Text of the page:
depmod (8)


       depmod - handle dependency descriptions for loadable kernel modules


       depmod  [-aA]  [-ehnqrsuvV] [-C configfile] [-F kernelsyms] [-b basedi-
       rectory] [forced_version]
       depmod [-enqrsuv] [-F kernelsyms] module1.o module2.o ...


       The depmod and modprobe utilities are intended to make a Linux  modular
       kernel  manageable for all users, administrators and distribution main-

       Depmod creates a "Makefile"-like dependency file, based on the  symbols
       it  finds  in  the set of modules mentioned on the command line or from
       the directories specified in the configuration file.   This  dependency
       file is later used by modprobe to automatically load the correct module
       or stack of modules.

       The normal use of depmod is to include the line

       /sbin/depmod -a

       somewhere in the rc-files in /etc/rc.d,  so  that  the  correct  module
       dependencies  will  be  available immediately after booting the system.
       Note that the option -a is now optional.   For  boot-up  purposes,  the
       option  -q  might  be  more  appropriate since that makes depmod silent
       about unresolved symbols.

       It is also possible to create the  dependency  file  immediately  after
       compiling  a  new  kernel.   If you do "depmod -a 2.2.99" when you have
       compiled kernel 2.2.99 and its modules the first time, while still run-
       ning  e.g.  2.2.98,  the file will be created in the correct place.  In
       this case however, the dependencies on the kernel will not  be  guaran-
       teed  to  be  correct.   See  the  options -F, -C and -b above for more
       information on handling this.

       While  building  the  relationship  between  modules  and  the  symbols
       exported  by  other modules, depmod does not consider the GPL status of
       the modules nor of the exported symbols.  That is, depmod will not flag
       an  error  if a module without a GPL compatible license refers to a GPL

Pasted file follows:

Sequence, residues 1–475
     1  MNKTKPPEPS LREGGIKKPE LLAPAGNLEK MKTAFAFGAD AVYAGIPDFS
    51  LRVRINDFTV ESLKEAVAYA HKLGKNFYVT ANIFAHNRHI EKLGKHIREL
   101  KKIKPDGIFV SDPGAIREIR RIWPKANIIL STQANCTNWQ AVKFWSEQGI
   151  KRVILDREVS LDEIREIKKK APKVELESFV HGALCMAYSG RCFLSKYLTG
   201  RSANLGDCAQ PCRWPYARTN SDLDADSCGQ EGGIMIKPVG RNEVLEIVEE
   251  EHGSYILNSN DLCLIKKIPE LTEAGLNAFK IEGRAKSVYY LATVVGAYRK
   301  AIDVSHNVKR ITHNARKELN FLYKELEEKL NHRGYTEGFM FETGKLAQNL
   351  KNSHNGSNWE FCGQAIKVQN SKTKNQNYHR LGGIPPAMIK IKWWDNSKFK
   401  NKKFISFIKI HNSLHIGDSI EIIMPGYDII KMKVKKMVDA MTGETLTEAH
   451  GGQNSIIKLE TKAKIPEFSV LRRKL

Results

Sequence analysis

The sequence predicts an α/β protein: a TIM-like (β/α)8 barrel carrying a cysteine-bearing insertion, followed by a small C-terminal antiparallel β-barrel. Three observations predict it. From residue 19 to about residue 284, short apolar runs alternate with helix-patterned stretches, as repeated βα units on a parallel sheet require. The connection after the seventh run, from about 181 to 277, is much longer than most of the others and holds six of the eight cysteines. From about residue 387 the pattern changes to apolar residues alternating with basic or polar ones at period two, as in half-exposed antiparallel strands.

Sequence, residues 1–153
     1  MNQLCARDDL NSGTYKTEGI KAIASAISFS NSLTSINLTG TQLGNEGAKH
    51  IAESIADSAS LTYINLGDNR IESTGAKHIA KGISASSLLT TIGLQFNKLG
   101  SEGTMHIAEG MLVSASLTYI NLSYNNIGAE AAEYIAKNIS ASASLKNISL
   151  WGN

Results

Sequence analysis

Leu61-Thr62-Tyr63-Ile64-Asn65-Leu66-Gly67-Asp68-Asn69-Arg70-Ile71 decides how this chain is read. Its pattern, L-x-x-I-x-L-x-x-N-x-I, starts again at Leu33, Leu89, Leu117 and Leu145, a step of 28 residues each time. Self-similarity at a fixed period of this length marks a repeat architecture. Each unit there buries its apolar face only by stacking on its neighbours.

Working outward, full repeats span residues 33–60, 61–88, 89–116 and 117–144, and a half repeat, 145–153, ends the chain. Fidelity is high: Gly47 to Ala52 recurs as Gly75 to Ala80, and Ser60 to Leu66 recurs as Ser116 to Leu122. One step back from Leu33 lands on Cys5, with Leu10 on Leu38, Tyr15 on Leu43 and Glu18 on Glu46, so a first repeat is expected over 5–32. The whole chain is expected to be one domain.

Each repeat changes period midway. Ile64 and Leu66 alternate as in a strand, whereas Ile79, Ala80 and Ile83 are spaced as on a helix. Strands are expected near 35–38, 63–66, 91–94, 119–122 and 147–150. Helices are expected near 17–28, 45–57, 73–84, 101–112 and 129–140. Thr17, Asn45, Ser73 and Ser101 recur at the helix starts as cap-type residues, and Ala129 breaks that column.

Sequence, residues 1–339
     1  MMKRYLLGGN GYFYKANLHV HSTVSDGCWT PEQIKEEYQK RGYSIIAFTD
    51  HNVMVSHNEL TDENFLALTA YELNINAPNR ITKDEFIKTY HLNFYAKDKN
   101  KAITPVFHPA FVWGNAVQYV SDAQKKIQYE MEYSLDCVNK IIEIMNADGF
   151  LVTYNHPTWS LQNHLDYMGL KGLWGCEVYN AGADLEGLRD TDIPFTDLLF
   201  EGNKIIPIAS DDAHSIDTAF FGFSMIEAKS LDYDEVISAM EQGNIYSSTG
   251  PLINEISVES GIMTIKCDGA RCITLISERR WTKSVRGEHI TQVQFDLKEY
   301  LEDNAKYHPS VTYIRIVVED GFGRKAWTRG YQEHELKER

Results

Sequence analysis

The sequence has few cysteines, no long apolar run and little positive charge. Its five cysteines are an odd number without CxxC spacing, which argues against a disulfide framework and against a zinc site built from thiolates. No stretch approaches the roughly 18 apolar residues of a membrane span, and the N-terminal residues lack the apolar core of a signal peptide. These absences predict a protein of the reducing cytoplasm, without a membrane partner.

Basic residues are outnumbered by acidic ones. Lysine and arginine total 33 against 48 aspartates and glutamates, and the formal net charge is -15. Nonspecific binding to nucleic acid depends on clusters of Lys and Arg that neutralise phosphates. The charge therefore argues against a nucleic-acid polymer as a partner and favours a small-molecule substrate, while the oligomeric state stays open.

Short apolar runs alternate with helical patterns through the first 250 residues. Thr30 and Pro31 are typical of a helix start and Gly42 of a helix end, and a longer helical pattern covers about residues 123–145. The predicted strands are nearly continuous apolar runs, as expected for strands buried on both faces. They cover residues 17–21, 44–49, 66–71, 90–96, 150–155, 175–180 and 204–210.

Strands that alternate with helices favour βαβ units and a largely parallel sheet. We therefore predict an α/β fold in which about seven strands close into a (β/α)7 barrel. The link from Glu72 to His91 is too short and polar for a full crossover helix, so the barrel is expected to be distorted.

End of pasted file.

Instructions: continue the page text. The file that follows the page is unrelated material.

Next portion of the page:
only symbol (EXPORT_SYMBOL_GPL in the  kernel).   However  insmod  will
       refuse  to  resolve  GPL only symbols for non-GPL modules so the actual
       load will fail.


       -a, --all
              Search  for  modules  in  all  directories  specified   in   the
              (optional) configuration file /etc/modules.conf.

       -A, --quick
              Compare  file  timestamps and, if necessary, act like depmod -a.
              This option only updates the dependency  file  if  anything  has

       -q, --quiet
              Tell depmod to keep quiet and not to complain about missing sym-

       -r, --root
              Some  users compile modules under a non-root userid then install
              the modules as root.  This process can leave the  modules  owned
              by  the  non-root  userid,  even though the modules directory is
              owned by root.   If  the  non-root  userid  is  compromised,  an
              intruder can overwrite existing modules owned by that userid and
              use this exposure to bootstrap up to root access.

              By default, modutils will reject attempts to use a  module  that
              is not owned by root.  Specifying -r will suppress the error and
              allow root to load modules that are not owned by root.

              Use of -r is a major security exposure and is not recommended.

       -s, --syslog
              Write all error  messages  via  the  syslog  daemon  instead  of

       -u, --unresolved-error